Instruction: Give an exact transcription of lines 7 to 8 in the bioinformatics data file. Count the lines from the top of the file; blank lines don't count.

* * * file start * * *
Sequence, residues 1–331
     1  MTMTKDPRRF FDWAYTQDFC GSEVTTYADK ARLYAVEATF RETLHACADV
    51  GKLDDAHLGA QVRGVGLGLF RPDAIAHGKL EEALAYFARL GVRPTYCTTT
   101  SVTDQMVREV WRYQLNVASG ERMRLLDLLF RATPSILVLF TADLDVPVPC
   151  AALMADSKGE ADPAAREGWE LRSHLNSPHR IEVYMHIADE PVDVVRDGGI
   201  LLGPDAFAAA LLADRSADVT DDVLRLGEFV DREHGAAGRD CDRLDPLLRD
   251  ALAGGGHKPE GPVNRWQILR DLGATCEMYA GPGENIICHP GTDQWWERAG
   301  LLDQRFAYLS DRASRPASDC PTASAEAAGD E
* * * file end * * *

   251  ALAGGGHKPE GPVNRWQILR DLGATCEMYA GPGENIICHP GTDQWWERAG
   301  LLDQRFAYLS DRASRPASDC PTASAEAAGD E